Saturday 15 December 2018

How will Disney portray modern fathers now they have pledged to do away with dad stereotypes?

Mini Me Dad: Conor McGregor
Mini Me Dad: Conor McGregor
Katie Byrne

Katie Byrne

Do you know those bumbling dads who inadvertently put red socks into the white wash, and unwittingly dress their children in Halloween costumes?

Or the dads who put their baby's nappy on back-to-front while long-suffering mummy watches from the doorway, arms folded over her chest and a rueful grin spread across her face? No? Well that makes two of us... Nonetheless, these tedious 'Silly Daddy!' tropes have persisted in children's cartoons and mainstream advertisements for decades.

Well, until now. "We've got to a position where we have realised the role of dads is really important and probably something that we needed to do a deeper dive into," said Disney's UK chief marketing officer, Anna Hill. But let's not get too excited. Sure, Disney might ditch the outdated stereotype, but they'll probably just replace it with a slightly more modern one. Here are a few ideas...

The Dadolescent

Otherwise known as The Man Child and The Overgrown Child, The Dadolescent is the dad who considers fatherhood an opportunity to revisit his love of Lego, Star Wars and fart jokes. Dadolescent bought a PlayStation 4 for his five-year-old son, arguing it would enhance his spatial awareness. Unfortunately, little Jack rarely gets a go because Daddy is on level 47 of Skylanders SuperChargers and he has to concentrate very hard, okay? When he's not in front of the PlayStation, Dadolescent enjoys building forts with duvets and chairs, throwing the children into the air and catching them and searching the kitchen for the sweets his wife has hidden from him. His children think he's the best daddy in the whole wide world. His wife wonders if she can claim child benefit on his behalf.

The Superdad

Superdad has read that women are better at multitasking, but he knows better. He once did a Skype conference call with Japan while bottle-feeding a toddler with one hand and giving his pregnant wife a perineum massage with the other.

He can prepare bottle feed in the dark, change a nappy in 11 seconds (yes, he timed it) and push a buggy with one arm while balancing another child on his shoulders. But he doesn't like to brag...

Superdad dresses the part: the North Face jacket is regulation uniform and he often wears hiking boots to take on the terrain of the local Tesco. He thinks of himself as a sort of hybrid of Bear Grylls and Will Smith in The Pursuit Of Happyness. His wife thinks of him as a bit of a gobshite.

The Cool Dad

Cool Dad wanted to call his first son Kreuzberg, given that he was more than likely conceived in Berlin's capital of cool. His wife, however, believes it actually happened in Leixlip, so that put paid to that one. Cool Dad looks at the other fathers at his child's nativity play and wonders, for a brief moment, if he looks like the rest of these ancient artefacts. He then remembers that he owns an enviable collection of limited edition sneakers and once got into Berghain. Panic averted.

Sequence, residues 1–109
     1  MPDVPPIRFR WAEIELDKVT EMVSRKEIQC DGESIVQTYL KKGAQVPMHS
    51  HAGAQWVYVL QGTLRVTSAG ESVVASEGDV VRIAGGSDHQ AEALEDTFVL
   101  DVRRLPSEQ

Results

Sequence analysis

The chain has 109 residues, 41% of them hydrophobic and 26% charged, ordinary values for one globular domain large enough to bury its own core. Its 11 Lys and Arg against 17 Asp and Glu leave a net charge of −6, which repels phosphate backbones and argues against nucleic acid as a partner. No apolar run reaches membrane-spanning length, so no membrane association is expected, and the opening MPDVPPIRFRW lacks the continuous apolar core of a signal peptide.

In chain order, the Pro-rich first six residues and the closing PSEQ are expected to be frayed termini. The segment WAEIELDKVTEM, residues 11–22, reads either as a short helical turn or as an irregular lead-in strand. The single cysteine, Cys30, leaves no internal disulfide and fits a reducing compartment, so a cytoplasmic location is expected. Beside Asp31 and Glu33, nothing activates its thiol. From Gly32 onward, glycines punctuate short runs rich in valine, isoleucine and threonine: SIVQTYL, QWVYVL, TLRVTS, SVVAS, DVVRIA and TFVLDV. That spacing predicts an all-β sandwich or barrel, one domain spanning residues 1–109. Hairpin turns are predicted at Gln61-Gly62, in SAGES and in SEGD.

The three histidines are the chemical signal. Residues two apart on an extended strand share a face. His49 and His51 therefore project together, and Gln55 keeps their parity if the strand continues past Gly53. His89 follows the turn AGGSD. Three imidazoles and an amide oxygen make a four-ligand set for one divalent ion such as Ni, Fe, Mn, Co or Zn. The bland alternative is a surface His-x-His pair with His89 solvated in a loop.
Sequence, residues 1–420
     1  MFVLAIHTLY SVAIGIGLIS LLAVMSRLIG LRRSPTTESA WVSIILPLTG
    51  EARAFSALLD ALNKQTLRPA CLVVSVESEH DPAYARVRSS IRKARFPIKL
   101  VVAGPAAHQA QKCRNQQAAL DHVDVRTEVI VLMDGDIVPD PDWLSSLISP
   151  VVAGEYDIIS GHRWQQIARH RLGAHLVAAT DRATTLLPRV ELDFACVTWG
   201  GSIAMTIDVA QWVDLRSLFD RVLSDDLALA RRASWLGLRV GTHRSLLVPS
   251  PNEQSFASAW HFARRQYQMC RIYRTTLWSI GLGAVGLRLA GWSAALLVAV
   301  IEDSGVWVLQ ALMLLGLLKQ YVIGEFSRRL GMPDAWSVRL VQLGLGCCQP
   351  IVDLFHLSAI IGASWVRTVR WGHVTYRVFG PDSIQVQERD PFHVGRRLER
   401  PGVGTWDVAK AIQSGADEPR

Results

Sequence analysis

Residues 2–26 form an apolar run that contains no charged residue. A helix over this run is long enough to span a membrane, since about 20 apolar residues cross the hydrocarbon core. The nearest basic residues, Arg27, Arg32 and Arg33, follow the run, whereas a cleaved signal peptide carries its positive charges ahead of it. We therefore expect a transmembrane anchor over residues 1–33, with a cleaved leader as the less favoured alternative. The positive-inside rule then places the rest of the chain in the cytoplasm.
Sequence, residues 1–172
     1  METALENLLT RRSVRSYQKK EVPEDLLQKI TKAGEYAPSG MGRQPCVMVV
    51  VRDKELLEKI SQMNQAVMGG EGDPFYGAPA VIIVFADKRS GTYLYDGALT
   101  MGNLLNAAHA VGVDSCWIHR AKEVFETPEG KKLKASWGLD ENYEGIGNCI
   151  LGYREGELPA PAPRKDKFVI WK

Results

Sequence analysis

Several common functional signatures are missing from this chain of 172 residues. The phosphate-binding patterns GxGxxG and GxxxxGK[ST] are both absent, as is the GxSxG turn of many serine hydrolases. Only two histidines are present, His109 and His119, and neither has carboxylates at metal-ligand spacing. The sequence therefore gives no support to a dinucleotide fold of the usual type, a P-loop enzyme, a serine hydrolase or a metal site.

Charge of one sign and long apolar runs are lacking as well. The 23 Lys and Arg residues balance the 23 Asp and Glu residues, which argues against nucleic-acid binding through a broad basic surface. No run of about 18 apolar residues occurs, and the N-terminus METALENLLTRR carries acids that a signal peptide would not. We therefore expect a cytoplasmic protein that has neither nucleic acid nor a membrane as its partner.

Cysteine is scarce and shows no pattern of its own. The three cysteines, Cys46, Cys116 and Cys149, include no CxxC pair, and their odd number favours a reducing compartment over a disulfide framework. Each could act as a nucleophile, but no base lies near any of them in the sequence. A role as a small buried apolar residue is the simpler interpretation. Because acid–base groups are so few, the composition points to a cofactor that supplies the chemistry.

Daddy Cool brings his toddler to Electric Picnic and prays his ex-girlfriend will be there to see what an absolute legend he is. He has also rehearsed the 'drug talk' because he's been around the block and he knows how these things work. His wife reminds him that their son is only three years old, for chrissakes, so he slumps off into his micro-brewery to sulk.

The Mini Me Dad

"When we fall in love. We're just falling. In love with ourselves," go the lyrics of the Keane song. It's much the same with the love affair many fathers have with their first-born son. Nature/nurture isn't even up for debate with this ilk. Their sons are a miniature version of themselves and that's that. It you need further proof, just feast your eyes on their matching 'Like Father, Like Son' T-shirts. See? His wife pretends not to know him when he wears it in public.

The Theatre Dad

Theatre Dad knows that the role of the father has been redefined in recent years - that's why he's compelled to put on the performance of his life when he has an audience. He likes nothing better than chatting with colleagues about the sleepless nights he has had with his newborn, but he wouldn't dare tell them he occasionally wears earplugs to ensure he gets his eight hours. He's also the dad whose voice rises by a few octaves when he's admonishing his children in the local coffee shop. Did everyone hear him being a firm-but-fair disciplinarian? Everyone?

Back at home, he cracks open a beer and spread eagles across the sofa, exhausted after a long day of playing the perfect dad. His wife hates him.

Backed into a tights corner

And the award for the most out-of-touch advertisement of 2017 has to go to Wish.com, an online retailer that thought it would be a good idea to showcase plus-sized tights on size 8 models.

One model is so slim that she can fit both of her slender pins into one leg of the xl tights. Another model has managed to pull the tights right up to her chin, demonstrating that this hosiery is ideal for a spontaneous game of hide-and-seek with your children.

Needless to say, the insensitive advert has gone viral for all the wrong reasons - and Wish.com are probably wishing that they gave their idea a little more thought.

Irish Independent

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